If you are writing about moral issues or doctrinal issues, in many cases, there is an absolute right or wrong as determined by God's Word, In these cases you cannot compromise the message to please the audience. But you should consider a tactful way to present the truth as Paul did with the Athenians in Acts 17 with his message about the unknown God. But that is another subject for another seminar, so I will just give one example. If I was talking to Christians about Islam, I would speak more directly about what is unbiblical about Islam. If I was speaking about Christianity to Muslims, I would focus on the positive message about Christ because that is what wins hearts. The truth cannot be compromised, but Christian communicators need to remember that their goal is not to win the argument but to win the person. This cannot change the message , but it does have an impact on the order and style in which you present the message.
Tanner Schieve (WLC) 2016-10-31 9:01:19pm
When you talked about the right and wrong of God's word, isn't there adiaphora that you cannot answer? In these moral situations, can it be hard to make judgements without offending those around you?
John Brug (Moderator) 2016-11-01 12:47:05pm Presenter
If things are true adiaphora, they must be left free. God has not commanded them or forbidden them. Adiaphora are not free for me to use if my freedom is harming someone else, such as if I offer a drink to an alcoholic or urge a Catholic to eat meat on Friday. A church may choose not to allow alcohol at receptions on its property to avoid offense in the community. The use of adiaphora is another area in which we may be between a rock and a hard place--we have to give consideration for the weak but we also have to resist attempts to take away our freedom.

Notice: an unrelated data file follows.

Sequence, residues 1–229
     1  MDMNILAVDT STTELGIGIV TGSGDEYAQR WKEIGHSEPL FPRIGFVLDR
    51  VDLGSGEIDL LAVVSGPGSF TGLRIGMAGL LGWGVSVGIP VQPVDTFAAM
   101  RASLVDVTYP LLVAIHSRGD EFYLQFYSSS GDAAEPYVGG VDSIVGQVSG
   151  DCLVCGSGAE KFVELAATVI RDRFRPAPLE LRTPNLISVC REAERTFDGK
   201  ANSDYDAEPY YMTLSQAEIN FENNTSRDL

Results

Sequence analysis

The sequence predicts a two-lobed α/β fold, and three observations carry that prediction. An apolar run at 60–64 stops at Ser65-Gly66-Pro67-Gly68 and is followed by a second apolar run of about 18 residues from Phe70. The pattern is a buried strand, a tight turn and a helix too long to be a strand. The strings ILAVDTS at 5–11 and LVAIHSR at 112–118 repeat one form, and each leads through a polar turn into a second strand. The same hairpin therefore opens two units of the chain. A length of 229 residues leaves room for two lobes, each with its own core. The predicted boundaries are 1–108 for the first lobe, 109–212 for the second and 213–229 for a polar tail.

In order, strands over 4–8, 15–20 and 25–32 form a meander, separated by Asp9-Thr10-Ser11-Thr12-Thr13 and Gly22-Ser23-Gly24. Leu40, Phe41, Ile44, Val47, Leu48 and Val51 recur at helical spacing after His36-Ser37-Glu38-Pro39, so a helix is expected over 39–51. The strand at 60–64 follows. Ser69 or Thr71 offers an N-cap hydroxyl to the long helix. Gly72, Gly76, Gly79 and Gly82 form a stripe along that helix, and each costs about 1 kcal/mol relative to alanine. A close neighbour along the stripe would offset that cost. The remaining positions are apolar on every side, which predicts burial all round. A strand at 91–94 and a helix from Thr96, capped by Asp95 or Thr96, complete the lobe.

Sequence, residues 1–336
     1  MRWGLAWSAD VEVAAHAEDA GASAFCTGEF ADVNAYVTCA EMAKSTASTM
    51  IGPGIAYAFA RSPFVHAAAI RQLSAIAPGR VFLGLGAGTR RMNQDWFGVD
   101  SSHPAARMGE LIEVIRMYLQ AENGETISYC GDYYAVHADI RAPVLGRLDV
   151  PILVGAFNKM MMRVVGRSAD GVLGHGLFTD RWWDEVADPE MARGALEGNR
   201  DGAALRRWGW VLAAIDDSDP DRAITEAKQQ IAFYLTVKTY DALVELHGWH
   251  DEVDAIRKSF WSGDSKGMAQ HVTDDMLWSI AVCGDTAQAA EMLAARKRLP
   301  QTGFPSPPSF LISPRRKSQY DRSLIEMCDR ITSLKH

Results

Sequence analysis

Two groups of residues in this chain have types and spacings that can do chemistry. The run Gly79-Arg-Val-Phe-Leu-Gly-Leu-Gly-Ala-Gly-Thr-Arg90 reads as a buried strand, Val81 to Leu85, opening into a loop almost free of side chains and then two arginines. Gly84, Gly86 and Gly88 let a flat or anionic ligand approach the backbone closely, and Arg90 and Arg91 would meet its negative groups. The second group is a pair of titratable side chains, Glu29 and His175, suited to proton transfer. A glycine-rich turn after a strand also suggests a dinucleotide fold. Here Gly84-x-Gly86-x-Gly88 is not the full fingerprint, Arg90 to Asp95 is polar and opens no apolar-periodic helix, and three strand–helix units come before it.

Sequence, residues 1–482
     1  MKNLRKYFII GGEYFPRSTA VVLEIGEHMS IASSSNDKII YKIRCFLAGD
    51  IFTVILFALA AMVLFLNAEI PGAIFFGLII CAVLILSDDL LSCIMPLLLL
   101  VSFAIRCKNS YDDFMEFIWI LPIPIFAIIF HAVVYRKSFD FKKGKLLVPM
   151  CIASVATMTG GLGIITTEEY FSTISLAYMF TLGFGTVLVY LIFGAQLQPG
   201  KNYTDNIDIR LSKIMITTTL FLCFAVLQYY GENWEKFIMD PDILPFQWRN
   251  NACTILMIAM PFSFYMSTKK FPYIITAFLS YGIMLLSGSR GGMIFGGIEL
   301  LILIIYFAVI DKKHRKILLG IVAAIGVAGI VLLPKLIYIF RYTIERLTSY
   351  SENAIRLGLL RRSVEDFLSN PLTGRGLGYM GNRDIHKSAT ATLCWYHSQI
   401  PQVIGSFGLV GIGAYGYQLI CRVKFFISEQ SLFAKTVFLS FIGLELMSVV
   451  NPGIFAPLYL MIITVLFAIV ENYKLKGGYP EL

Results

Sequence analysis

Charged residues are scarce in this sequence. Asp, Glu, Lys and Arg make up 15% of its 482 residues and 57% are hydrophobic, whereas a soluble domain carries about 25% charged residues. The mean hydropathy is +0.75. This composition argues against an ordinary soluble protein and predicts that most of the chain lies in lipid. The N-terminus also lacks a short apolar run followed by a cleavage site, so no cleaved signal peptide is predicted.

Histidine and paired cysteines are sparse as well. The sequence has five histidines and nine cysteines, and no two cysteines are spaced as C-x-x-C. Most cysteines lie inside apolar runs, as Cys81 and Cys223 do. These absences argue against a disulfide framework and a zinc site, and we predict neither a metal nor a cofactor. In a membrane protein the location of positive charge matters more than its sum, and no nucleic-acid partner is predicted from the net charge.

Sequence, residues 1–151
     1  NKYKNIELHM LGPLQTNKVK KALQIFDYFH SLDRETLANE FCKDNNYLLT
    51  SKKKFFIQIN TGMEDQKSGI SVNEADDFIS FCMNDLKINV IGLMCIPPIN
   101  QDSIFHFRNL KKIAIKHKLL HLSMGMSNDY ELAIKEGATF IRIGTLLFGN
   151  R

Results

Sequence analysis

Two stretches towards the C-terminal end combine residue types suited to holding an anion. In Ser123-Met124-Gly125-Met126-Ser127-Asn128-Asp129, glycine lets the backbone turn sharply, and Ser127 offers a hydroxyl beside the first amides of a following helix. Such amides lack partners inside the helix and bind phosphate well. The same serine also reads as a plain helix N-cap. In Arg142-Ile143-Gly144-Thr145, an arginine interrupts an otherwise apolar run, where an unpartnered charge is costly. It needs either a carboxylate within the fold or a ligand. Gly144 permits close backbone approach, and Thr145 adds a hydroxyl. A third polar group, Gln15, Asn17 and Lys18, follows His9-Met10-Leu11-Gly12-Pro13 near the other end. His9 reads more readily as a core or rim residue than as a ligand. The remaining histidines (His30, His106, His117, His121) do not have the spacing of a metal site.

Nikilette Cottini (Wisconsin Lutheran College) 2016-10-31 1:11:42pm
I am a Communicative Arts major which is pretty much communications with an emphasis in business. I appreciated your approach on how communicators are often stuck since everyone does communicate differently and interrupt differently. I am not the best grammatical writer, but I think some of it is because my public education growing up was not the best. In fact the English department at all of the high schools in my town tested the lowest and had the highest turn over rate for employing teachers.
John Brug (Moderator) 2016-11-01 12:50:59pm Presenter
Bur now you are overcoming that. God's blessing as you keep growing.
Kelsey Sitz (Wisconsin Lutheran College ) 2016-10-31 2:04:47pm
I always figured that it was a hard task to make things more understandable as the years go on, but I never really was able to quite understand the process of how hard it actually was until reading this. The fact that you have to not only worry about not changing the meaning of the words in the Bible, but also worry about how people will respond to the grammatical changes seems like quite the challenge. I understand why we need to be able to make the speech patterns more "contemporary" because being a young woman I know that I do sometimes struggle reading the older versions of the Bible. I can read the NIV much easier than I can read the King James Version, but I feel like I have to think more when I read the King James and therefore sometimes get more out of it. On the other hand however, there are things that are completely over my head in the King James so I also can miss out on certain aspects and parts of the readings. I think there is give and take for both sides of people wanting it to stay more traditional and those who want a more contemporary speech pattern.
John Brug (Moderator) 2016-11-01 12:40:01pm Presenter
The variety of available translations help people reach both goals.
Anna Naumann (Wisconsin Lutheran College) 2016-10-31 2:58:22pm
I agree with what you say that communicators can be known as snobs for how they give their speeches. Personally, the grammar rules I follow depend on who I am talking to. There are rules I take in place when writing a paper for a class rather than writing a note to my grandma or friend. When writing papers you should not use contractions, but if I am writing a letter I will because it is faster and informal. When I was reading the myths I found that I do a lot of them. I sometimes use since instead of because and there are times I refer to my reader as you. As hard as it is to break these habits, it just sounds like it is the ok thing to say.